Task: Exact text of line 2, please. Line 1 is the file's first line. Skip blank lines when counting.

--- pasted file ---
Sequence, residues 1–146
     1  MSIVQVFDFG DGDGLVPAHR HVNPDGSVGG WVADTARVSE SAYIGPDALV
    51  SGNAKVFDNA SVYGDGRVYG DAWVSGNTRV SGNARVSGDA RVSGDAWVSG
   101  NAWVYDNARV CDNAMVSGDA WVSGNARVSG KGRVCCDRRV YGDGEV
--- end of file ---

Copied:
     1  MSIVQVFDFG DGDGLVPAHR HVNPDGSVGG WVADTARVSE SAYIGPDALV